• if appropriate, be clear where the pitch is (on your diagram/demo
    drill) first and don’t proceed before everyone is happy about this
  • explain why we are doing the drill as well as how – it’s often
    better to just do this briefly at the start with a new, complex drill.
    Then, once the drill is running smoothly and people understand the
    rotation, you can pause and get more focus on the aim.  Talking for too
    long at the beginning leads to people switching off.
  • with a complex drill it’s good to build it up gradually (just one
    cut, then two, then with D)
  • explain things confidently; the vast majority of people want you to do
    well and appreciate you running things for them.  If you are under
    confident (perhaps you are leading a practice where there are more
    experienced players and it feels intimidating to tell them how to play)
    it can be easier to say “I find it really helpful to throw the IO
    early” or “a useful thing I was told/read is to …” rather than
    present something as gospel.

During a drill:

  • initially, focus on getting the drill running smoothly.  Are the cones
    the right distance apart?  Is the timing of cuts right?  Does the
    rotation work?  Is the work:rest ratio correct or do you need another
    drill?
  • sometimes it’s best to not join in with the drill so you can think
    these things through and start giving feedback, sometimes it’s best to
    join in so you can get a better feel for how things are going.
  • give feedback that is related to the focus of the drill (commenting on
    other stuff distracts from the focus).  Be specific (“good work
    running through that disc” or “keep that cut slightly wider”) and
    use both praise and corrective advice – as the drill progresses you
    should have more of the former and less of the latter.
  • if there are some good learning points that need a bit longer to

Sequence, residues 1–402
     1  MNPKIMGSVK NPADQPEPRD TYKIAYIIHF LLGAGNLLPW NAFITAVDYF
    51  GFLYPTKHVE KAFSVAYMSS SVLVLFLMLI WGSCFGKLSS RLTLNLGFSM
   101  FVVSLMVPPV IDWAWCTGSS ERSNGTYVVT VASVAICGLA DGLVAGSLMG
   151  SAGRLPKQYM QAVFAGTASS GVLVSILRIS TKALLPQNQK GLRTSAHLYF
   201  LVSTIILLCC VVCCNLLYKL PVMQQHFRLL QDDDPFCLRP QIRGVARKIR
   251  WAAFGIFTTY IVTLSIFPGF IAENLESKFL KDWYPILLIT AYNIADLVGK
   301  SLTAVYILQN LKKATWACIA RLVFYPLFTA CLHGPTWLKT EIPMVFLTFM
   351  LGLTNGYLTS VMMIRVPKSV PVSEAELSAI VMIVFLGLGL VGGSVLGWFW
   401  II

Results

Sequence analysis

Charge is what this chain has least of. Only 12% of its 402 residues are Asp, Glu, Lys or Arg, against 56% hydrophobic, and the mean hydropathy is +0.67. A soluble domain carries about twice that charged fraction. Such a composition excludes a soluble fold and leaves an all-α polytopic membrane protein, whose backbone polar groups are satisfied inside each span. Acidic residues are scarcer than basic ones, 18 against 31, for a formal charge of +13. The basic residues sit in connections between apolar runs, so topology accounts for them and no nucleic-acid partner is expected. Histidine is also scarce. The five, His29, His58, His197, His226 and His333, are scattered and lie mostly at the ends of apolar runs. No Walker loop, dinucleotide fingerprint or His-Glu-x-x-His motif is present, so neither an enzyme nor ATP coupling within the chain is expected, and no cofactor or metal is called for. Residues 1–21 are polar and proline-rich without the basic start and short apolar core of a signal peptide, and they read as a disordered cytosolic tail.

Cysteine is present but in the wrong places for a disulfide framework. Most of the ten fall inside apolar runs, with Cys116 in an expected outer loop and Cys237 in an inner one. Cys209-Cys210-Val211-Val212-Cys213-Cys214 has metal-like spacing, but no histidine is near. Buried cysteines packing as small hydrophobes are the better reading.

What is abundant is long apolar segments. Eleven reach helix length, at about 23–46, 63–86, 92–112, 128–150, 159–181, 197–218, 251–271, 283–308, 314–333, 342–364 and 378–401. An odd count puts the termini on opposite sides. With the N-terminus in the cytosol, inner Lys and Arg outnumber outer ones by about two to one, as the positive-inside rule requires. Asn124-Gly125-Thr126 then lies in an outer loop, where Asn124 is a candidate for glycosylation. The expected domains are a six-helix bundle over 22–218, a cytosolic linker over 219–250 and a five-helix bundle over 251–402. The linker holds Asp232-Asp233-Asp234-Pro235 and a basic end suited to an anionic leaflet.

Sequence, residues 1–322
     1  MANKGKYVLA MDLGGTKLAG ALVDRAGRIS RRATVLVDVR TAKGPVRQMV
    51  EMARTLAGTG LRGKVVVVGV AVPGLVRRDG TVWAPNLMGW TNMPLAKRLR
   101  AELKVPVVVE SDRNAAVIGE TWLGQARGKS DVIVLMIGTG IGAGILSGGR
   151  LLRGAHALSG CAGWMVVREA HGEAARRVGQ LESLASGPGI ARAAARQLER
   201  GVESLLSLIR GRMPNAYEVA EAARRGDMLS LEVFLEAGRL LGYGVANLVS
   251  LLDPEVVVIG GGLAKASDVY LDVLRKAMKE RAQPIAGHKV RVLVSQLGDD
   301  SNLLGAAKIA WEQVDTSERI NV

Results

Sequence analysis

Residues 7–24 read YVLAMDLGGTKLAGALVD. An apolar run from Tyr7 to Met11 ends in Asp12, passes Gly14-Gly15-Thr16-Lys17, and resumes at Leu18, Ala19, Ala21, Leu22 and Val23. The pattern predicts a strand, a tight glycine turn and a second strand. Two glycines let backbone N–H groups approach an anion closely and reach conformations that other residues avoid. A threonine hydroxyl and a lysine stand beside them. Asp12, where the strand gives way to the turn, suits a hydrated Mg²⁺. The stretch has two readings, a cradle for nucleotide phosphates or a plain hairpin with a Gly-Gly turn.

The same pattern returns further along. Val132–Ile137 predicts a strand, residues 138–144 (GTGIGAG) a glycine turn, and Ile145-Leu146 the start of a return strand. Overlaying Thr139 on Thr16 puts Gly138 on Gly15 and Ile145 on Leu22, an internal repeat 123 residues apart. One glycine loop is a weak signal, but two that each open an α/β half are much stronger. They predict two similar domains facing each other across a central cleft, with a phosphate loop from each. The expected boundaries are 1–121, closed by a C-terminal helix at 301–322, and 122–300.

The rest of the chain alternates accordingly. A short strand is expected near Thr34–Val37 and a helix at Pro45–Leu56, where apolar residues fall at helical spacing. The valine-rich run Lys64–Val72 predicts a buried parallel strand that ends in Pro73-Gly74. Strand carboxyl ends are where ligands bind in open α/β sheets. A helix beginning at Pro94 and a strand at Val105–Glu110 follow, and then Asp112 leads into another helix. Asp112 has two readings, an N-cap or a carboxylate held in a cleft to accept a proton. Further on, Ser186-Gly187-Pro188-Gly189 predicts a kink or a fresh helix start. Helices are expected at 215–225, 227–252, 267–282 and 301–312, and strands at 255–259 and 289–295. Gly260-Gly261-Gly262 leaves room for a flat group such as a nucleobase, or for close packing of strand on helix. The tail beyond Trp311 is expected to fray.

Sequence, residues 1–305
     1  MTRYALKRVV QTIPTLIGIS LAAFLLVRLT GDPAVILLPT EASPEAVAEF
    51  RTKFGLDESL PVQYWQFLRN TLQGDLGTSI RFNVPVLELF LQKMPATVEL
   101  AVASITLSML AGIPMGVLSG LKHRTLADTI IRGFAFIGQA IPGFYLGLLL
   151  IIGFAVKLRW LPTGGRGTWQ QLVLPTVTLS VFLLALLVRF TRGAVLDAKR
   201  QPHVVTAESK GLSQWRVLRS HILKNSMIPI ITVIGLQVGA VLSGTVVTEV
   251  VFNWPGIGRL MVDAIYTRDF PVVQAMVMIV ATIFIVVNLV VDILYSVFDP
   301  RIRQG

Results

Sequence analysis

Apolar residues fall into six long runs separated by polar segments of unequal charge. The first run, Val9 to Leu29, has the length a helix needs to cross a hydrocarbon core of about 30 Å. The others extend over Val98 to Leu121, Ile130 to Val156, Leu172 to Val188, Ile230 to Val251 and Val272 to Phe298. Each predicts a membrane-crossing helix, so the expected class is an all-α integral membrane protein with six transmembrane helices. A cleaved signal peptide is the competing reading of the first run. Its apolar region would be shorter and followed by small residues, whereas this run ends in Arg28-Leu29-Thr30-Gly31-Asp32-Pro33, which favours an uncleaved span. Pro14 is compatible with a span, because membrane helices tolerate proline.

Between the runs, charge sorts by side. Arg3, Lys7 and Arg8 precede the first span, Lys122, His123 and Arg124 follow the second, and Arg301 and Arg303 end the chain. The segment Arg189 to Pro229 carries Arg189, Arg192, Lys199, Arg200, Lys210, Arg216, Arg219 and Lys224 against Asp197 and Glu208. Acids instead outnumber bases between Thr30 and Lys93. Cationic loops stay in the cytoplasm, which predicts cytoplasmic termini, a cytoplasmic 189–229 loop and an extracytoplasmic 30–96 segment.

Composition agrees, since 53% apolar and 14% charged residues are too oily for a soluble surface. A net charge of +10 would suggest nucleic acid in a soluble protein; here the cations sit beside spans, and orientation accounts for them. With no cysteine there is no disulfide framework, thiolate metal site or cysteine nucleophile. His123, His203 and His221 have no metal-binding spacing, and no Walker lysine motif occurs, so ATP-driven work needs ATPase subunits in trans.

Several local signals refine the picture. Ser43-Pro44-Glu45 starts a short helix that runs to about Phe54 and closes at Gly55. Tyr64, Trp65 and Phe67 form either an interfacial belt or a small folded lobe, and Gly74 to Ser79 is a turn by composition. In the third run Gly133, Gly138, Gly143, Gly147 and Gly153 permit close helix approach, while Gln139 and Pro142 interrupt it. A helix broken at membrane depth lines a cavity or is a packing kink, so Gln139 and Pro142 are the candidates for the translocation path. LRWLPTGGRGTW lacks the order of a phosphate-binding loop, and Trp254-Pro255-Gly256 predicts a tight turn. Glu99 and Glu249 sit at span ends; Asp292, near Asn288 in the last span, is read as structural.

explain, better to pause the drill and share rather than saving for the
    end so people can implement the advice
  • go set up the cones for the next drill!

Finishing a drill:

  • the learning vs time graph generally starts high, goes up slightly as
    people really understand what the drill is about then decreases.  You
    can get an extra small peak towards the end by saying e.g “last one
    each” or “last 5”.  Be wary of saying e.g “5 completions in a
    row” since it is not always appropriate – if a drill has defence or
    you are doing something outside your comfort zone completions are not
    the focus.
  • as with the warm up offensive drill, keep drills short and punchy,
    10-15 minutes.  You can make them longer if you tweak them in a
    substantive way (adding an extra cut, adding D).  Changing from forehand
    to backhand should happen after 5 minutes not 10 (generally…).

Games:

  • games of 7 on 7 aren’t the best for developing players – most
    players don’t get many reps with the disc in hand.  For skill
    development, it is better to have a few smaller games.
  • you can give games a focus by having special rules e.g. double score
    and get more reps in by eliminating pulls/only allowing a certain number
    of possessions per team.

Reflection:

  • more learning happens if you reflect after the event so try to
    encourage players to think about what they’ve been working on and try
    to incorporate it into their game and you should be reflecting on the
    practice you’ve just led.  What went well?  What could be better?  Get
    some feedback from people about what they thought and be open to
    criticism, even if you disagree with it.

Nick Wong